1. Plant a garden:
This is the basic building block for anyone looking to walk a simpler path in life in the modern world. This is especially so with rising fuel costs and resulting food costs put an extra burden on the families financial situation. Some families have limited space and land to grow food, but there are many options available to grow in a small footprint. A Vegetable Tower Garden works well on decks and patios, and can grow a lot of produce in a very small space. One great benefit of growing your own food is that it is often healthier than store bought produce.
2. Learn how to can your own food:
This goes hand in hand with planting a garden. Most gardens will produce way too much food at one time for any family to consume it all before it goes to waste. Having the skills to be able to preserve what you produce is imperative for a families long term self sufficiency. If your garden is too small at the moment to produce enough food to put away in the pantry there are other options available. Search out and visit farmers markets, talk to the farmers about buying in bulk which can save you some money.
3. Get a dehydrator:
Dehydrating Food and Canning go hand in hand. The options you have with a dehydrator are only limited by your imagination. You can make jerky, fruit roll ups, dehydrate eggs, etc. Most locations in the country have local orchards that are a great place to buy organic fruits cheaply and dehydrated apple slices sprinkled with cinnamon last a long time on the pantry shelf and are delicious.
4. Plant soft fruits:
Along with strawberries also plant raspberries, blackberries, blueberries etc.. They do not take up a lot of space and will produce fresh and tasty fruits year after year.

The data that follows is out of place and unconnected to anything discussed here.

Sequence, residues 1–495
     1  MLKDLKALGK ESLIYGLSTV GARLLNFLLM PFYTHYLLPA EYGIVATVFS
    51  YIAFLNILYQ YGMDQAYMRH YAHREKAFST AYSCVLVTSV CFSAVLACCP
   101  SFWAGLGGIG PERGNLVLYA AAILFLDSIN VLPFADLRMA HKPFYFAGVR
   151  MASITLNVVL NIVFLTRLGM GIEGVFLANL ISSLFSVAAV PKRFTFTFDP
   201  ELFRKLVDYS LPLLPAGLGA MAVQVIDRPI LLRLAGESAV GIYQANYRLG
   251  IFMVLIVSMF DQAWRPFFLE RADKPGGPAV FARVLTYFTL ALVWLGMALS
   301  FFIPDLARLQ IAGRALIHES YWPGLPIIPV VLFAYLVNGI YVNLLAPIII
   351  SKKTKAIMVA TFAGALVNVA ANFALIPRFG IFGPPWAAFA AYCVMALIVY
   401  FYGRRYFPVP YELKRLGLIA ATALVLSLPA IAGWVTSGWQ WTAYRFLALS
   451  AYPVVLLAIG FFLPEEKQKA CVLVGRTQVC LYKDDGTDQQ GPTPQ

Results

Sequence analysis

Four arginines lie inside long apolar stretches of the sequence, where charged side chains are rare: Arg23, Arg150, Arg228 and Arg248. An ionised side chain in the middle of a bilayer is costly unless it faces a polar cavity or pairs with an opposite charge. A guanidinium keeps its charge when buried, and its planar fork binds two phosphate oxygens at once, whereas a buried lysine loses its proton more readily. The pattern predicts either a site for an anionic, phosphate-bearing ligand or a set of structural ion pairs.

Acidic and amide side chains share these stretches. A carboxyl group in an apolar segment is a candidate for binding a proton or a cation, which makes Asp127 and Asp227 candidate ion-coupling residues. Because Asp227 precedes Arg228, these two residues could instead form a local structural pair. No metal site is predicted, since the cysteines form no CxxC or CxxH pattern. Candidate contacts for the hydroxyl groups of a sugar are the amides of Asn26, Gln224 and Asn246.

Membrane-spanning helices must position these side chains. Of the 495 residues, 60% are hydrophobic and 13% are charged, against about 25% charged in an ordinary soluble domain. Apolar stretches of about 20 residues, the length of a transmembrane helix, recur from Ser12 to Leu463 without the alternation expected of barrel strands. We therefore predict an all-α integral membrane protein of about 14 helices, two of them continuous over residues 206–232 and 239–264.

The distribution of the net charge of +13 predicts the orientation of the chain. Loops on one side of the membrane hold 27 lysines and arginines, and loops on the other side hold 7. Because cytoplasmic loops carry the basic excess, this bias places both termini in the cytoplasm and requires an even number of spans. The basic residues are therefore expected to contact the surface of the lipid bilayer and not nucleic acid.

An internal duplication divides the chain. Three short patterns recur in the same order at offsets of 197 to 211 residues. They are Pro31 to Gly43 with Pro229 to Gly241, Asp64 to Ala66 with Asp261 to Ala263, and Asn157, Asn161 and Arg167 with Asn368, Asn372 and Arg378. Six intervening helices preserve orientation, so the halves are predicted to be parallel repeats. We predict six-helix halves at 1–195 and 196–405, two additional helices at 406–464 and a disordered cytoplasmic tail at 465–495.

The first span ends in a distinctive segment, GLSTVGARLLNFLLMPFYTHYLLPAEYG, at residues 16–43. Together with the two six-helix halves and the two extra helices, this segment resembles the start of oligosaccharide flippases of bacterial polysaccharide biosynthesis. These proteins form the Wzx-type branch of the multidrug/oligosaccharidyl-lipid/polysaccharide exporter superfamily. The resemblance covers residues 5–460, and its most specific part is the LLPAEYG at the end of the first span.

5. Plant a few fruit trees:
There are a variety of modern day dwarf variety fruit trees that are available on the market today that don't take up much space. With some pruning and training will be bountiful in several years without taking up much room at all.
6. Learn to save seeds:
Buy heirloom open-pollinated seeds and learn to save the seeds from this years produce to be able to plant next year.
Composting involves mixing yard and household organic waste in a pile or bin and providing conditions that encourage decomposition. Fruit and vegetable scraps and waste, along with raked leaves, newspaper, cardboard, weeds, grass clippings etc can go directly into the compost pile.
8. Cook from scratch:
The average American has lost touch with what food actually is. Many people think that food just comes out of a box or package that we heat up the microwave. How sad. Especially when you realize that processed food has lost much of the nutritional value by the time it's processed, packaged, purchased and microwaved. Cooking fresh whole food not only tastes better, but it's healthier for you too. Pick up several basic cookbooks and experiment with turning your backyard bounty into healthy, nutritious and tasty meals for your family.
9. Set up a clothes line:
One of the largest electrical drains on a homes monthly electric bill is the electric dryer. Use a clothes line in the warmer months and save money on electricity.
10. Cut your own hair:
The only cost would be decent pair of clippers, then you're able to save up to 20 dollars a month for those hair trims.
11. Try and live debt free as much as possible:
Debt is slavery. We as citizens spend way to much of our hard earned dollars on interest. Get rid of the credit cards and save big money each year on interest.
12. Look into Alternative Energy Sources:
There are many options here. Most people think of alternative energy as installing solar panels or a wind turbine, but something as simple as installing a wood stove can have a huge impact on your heating bill and also dependency on foreign oil. And. there's nothing quite like the heat from a wood stove in my opinion.
Of course, there are other avenues to explore when considering sustainable living. But hopefully this list will get you started. Enjoy the journey!